• The ISM non-manufacturing index fell to 52.2 in June below the 54 expected but still showing expansion
  • The ISM manufacturing index moved slightly above 50 to 50.9

For the week, the S&P 500 rose by 1.6% for a year-to-date return of 16%, including dividends.


IBD: Market in correction.

BCI: Moderately bullish currently slightly favoring in-the-money strikes for the short-term. This was a positive week for the markets but volume was low because of the holiday.

Wishing all our members an enjoyable and safe holiday,

Alan ([email protected])


About Alan Ellman

Alan Ellman loves options trading so much he has written four top selling books on the topic of selling covered calls, one about put-selling and a sixth book about long-term investing. Alan is a national speaker for The Money Show, The Stock Traders Expo and the American Association of Individual Investors. He also writes financial columns for both US and International publications along with his own award-winning blog.. He is a retired dentist, a personal fitness trainer, successful real estate investor, but he is known mostly for his practical and successful stock option strategies.

5 Responses to “Analyzing The Time Value Of In-The-Money Strikes”

  1. Barry B July 6, 2013 3:56 pm

    Premium Members,

    This week’s Weekly Stock Screen And Watch List has been uploaded to The Blue Collar Investor premium member site and is available for download in the “Reports” section. Look for the report dated 07-05-13.

    Also, be sure to check out the latest BCI Training Videos and “Ask Alan” segments. You can view them at The Blue Collar YouTube Channel. For your convenience, the link to the BCI YouTube Channel is:

    Since Earnings Season is about to begin, be sure to read Alan’s article, “Constructing Your Covered Call Portfolio During Earnings Season”. You can access it at:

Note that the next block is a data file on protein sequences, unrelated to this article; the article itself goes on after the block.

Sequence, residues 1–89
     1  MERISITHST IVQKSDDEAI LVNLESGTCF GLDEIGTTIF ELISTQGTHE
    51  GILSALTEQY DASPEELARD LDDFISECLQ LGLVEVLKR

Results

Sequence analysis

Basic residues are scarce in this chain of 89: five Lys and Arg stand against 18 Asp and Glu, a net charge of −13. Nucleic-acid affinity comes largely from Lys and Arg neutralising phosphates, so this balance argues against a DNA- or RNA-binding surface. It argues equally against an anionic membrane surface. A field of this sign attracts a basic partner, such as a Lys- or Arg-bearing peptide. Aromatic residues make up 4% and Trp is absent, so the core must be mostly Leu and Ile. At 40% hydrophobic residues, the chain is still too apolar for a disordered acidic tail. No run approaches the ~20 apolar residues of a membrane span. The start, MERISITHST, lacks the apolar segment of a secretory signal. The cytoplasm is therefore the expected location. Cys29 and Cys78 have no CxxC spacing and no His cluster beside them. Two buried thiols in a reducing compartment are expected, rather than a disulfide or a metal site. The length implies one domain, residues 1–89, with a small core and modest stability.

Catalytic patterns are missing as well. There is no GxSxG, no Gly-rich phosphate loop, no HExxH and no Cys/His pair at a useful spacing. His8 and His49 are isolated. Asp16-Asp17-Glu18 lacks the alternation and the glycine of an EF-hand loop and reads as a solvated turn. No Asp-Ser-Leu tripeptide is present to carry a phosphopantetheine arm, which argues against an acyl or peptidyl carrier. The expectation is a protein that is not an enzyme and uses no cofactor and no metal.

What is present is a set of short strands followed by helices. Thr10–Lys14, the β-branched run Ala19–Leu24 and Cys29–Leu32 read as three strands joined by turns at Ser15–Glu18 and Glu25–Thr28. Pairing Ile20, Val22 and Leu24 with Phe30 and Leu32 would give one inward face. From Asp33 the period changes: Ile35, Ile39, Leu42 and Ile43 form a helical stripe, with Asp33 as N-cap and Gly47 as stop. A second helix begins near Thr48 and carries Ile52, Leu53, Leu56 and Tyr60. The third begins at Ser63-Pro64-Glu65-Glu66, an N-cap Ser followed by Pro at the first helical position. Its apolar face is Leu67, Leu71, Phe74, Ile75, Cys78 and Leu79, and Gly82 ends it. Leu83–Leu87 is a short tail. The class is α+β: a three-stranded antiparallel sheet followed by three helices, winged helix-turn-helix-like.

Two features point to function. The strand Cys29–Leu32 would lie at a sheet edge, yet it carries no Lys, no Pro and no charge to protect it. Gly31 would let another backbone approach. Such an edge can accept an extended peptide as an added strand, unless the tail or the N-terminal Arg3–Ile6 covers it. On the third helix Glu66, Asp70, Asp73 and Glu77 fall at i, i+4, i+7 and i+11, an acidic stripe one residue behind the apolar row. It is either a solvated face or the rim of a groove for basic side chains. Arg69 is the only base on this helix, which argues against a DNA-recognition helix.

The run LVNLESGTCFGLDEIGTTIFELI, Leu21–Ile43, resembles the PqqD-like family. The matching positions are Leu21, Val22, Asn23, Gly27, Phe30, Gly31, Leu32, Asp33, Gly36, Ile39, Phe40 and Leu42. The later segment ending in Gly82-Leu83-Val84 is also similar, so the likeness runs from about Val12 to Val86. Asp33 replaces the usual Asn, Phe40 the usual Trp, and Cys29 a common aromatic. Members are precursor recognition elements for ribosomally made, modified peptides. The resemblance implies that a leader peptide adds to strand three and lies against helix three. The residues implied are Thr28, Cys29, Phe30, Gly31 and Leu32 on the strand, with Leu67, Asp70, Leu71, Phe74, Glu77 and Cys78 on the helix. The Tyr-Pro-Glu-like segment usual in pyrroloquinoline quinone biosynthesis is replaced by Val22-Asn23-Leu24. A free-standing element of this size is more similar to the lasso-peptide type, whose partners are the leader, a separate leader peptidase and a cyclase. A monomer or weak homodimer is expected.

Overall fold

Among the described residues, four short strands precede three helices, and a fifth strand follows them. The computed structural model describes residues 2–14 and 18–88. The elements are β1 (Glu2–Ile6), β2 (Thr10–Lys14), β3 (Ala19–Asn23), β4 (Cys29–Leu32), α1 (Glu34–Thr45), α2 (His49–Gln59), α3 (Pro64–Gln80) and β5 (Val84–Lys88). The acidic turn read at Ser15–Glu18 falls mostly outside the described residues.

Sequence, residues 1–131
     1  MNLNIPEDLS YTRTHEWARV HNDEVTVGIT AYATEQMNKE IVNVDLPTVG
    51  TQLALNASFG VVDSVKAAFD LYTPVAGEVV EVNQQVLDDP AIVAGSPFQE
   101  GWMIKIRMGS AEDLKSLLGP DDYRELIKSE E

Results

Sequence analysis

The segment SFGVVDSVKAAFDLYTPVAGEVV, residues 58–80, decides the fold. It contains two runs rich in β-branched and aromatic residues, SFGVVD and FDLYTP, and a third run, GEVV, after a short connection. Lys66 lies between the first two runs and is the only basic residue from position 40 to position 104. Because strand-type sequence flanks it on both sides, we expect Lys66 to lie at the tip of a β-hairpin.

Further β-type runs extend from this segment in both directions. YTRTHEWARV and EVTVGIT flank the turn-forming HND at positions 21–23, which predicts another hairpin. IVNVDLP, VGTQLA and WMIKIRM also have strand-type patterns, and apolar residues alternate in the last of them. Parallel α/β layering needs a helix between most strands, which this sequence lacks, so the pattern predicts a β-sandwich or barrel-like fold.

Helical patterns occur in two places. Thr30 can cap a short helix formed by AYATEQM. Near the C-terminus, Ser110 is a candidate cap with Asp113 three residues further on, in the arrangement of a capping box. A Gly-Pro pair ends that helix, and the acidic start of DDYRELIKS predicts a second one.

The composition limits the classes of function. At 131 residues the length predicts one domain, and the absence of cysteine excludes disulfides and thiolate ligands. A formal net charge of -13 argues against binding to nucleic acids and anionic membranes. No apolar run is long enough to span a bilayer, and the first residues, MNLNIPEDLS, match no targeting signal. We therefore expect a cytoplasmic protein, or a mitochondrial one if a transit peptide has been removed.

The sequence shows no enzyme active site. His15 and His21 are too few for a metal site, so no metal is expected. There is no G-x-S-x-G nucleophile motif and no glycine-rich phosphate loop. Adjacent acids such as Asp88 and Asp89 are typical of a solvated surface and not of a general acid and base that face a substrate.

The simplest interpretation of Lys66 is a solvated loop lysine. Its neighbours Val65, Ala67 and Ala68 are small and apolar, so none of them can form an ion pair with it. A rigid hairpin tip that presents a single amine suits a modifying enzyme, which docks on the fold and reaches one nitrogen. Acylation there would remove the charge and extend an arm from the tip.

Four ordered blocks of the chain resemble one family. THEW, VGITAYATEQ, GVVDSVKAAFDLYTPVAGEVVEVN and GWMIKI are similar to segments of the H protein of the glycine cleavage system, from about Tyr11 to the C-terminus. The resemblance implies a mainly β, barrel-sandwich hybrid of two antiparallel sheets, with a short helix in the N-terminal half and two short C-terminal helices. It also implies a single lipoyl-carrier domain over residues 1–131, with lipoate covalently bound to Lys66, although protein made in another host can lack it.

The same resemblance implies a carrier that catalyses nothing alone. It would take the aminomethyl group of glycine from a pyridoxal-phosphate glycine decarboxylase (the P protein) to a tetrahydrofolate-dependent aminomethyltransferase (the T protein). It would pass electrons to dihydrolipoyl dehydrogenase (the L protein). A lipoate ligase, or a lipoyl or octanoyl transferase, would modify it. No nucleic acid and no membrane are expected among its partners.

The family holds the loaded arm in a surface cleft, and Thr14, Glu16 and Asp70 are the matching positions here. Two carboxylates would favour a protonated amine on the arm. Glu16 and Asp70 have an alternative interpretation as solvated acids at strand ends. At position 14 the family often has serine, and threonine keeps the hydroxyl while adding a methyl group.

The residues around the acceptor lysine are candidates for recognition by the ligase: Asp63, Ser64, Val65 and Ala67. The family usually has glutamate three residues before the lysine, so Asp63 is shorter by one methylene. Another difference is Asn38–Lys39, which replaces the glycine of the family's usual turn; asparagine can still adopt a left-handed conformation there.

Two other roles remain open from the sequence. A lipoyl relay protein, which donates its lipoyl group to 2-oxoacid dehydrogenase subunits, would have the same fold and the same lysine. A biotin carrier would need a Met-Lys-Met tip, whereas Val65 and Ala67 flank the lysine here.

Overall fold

Barry and The BCI Team

    Your comment is awaiting moderation.

  2. Fran July 7, 2013 8:36 am


    I noticed that the bid/ask spread for prlb is 50 cents (6 – 6.50) for the 60 call option. According to your books you would put in a limit order for 6.20?



    • Alan Ellman July 7, 2013 7:02 pm


      Absolutely…excellent observation. When I write articles and produce videos I use “worst case scenario” and therefore published bid prices. In this case by “playing the bid-ask spread” (223-227 of “Encyclopedia…”) a limit order of $6.20 is justified and will get executed in many instances. Remember not to check the “all or none” box on yoyr trade execution form.


  3. Alan Ellman July 9, 2013 11:23 am

    Running list stocks in the news: VRX:

    Valeant Pharmaceuticals has been on our premium watch list for 6 weeks. It focuses on dermatology and eye care products and is especially well positioned as an aging population has greater issues with diabetes and other diseases that impact vision.

    VRX made 11 acquisitions in 2011 and 12 more in 2012 and then in May purchased Bausch and Lomb. As a result, revenue growth has skyrocketed and analysts are taking notice. In addition to these bullish signals, a member of the Board of Directors, in an SEC filing, recently purchased 1.35 million shares. Our Premium Running List shows an industry segment rank of “A” and a beta of 0.94. Beware of the 8-1 projected earnings report. The chart below shows the impressive earnings growth analysts are anticipating during the next 2 years (CLICK ON IMAGE TO ENLARGE & USE THE BACK ARROW TO RETURN TO THIS BLOG):


  4. Alan Ellman July 10, 2013 6:31 pm

    Premium members:

    This week’s 6-page report of top-performing ETFs and analysis of ALL Select Sector Components has been uploaded to your premium site. The report also lists Top-performing ETFs with Weekly options.

    We have also uploaded the 3rd quarter High Dividend Yield Stocks with LEAPS Report.

    For your convenience, here is the link to login to the premium site:

    NOT A PREMIUM MEMBER? Check out this link:

    Alan and the BCI team